Five ways to make sales talent management a priority in your organization
Setting talent management priorities is a critical component for your sales organization to meet its numbers year after year, quarter after quarter. Research clearly shows that not creating a plan for top talent management can cost your sales organization more than just time and resources.
Here are some critical questions every sales leader should be able to answer about the talent process within the organization.
- What does success look like in a role?
- Why do we lose key talent to the competition?
- How quickly do your new hires become productive?
- What is the cost of a bad hire?
- How consistently do your sales managers develop and retain key talent?
- How do you determine if someone is ready for promotion, or plan for succession?
If you make talent management a priority, these answers are understood and able to be defined cross functionally within the sales organization. Best-in-class companies have clearly defined priorities for managing their sales talent and retaining their peak performers. Here are five ways you can make talent management a priority in your organization.
1. Create a people management process and put the right tools in place
Having an established operating rhythm brings all your talent management processes and tools together in one place. A simple and consumable toolkit and a consistent set of processes are essential for managing your top talent. You and your sales team will turn to it again and again for managing business and people.
2. Define success in the role and set clear expectations
Best-in-class companies have clearly defined organizational roles and responsibilities with appropriate standards and measurements to evaluate performance. Beginning with the onboarding process, clearly define performance expectations to promote ongoing employee satisfaction. Ongoing knowledge of what is expected for the job ensures talented individuals will be encouraged to advance and get recognition for initiative beyond their responsibilities.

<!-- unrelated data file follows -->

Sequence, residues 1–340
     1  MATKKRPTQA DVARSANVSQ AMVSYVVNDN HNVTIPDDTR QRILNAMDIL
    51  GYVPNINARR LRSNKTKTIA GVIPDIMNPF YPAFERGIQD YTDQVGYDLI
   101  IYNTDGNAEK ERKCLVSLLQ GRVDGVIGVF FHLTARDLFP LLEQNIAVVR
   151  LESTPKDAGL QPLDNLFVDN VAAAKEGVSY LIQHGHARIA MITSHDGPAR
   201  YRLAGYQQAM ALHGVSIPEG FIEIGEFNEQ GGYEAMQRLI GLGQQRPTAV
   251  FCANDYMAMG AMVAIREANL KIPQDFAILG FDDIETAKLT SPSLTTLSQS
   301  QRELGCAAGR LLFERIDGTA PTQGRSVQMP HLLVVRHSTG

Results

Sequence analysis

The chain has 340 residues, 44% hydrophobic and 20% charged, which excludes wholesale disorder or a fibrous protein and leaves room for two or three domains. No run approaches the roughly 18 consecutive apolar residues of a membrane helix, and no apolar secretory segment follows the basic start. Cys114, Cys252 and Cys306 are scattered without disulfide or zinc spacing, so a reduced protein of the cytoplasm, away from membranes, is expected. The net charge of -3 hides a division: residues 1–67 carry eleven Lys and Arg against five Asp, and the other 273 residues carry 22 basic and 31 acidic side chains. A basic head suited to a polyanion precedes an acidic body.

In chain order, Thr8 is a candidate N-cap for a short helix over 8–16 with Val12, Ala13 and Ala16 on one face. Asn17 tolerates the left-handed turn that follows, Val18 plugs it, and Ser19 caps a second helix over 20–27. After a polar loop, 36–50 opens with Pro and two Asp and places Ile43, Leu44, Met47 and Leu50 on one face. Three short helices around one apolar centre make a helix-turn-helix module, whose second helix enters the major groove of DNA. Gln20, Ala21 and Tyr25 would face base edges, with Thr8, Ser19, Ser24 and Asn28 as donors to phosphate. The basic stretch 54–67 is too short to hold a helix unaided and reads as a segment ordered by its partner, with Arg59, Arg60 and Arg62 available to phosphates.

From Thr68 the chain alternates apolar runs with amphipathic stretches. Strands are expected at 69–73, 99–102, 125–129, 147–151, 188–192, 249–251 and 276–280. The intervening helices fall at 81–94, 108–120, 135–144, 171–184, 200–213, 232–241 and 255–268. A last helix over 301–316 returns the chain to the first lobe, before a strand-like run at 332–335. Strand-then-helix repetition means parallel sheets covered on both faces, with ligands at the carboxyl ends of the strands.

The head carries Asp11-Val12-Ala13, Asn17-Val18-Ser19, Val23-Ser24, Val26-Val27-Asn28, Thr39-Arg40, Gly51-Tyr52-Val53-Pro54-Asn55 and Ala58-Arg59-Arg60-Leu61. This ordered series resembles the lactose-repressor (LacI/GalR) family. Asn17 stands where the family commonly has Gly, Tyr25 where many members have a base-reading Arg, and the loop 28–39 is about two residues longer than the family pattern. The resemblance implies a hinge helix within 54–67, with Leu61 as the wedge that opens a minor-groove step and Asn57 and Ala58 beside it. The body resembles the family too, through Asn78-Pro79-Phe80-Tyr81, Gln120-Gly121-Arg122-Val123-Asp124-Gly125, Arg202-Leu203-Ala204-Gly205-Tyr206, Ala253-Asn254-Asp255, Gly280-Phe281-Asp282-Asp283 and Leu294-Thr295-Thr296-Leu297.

3. Simplify your talent management processes
It is easy to get overburdened with administrative processes. If your talent management process is too complicated or laborious, you and your sales managers will never stick with them. Putting a simplified cadence around coaching reps to success can help ensure you’re retaining the right performers, and spending time on activities that have the most value.
4. Clearly evaluate your team’s performance
As a sales leader, you need an unrestricted line-of-sight into your team’s performance based on what drives success in their roles. Your team and individual talent should be evaluated on industry knowledge, their specialized skills, as well as the definition of success in your company. Without a clear set of standards, measurements and evaluations, you will have a reduced ability to retain and grow your most successful sales people.
5. Create clear accountabilities and expectations
When you have clear accountabilities and expectations for your role, it provides a yardstick for your managers to coach. Best-in-class companies also have the evaluation and assessment tools in place to utilize on a regular basis. Without providing this framework, you will find yourself struggling with inconsistent enforcement of sales standards and procedures that could lead to low accountability and lack of commitment from your talent.
Ready to take action? Check out our post “Six Steps to Successful Talent Management.”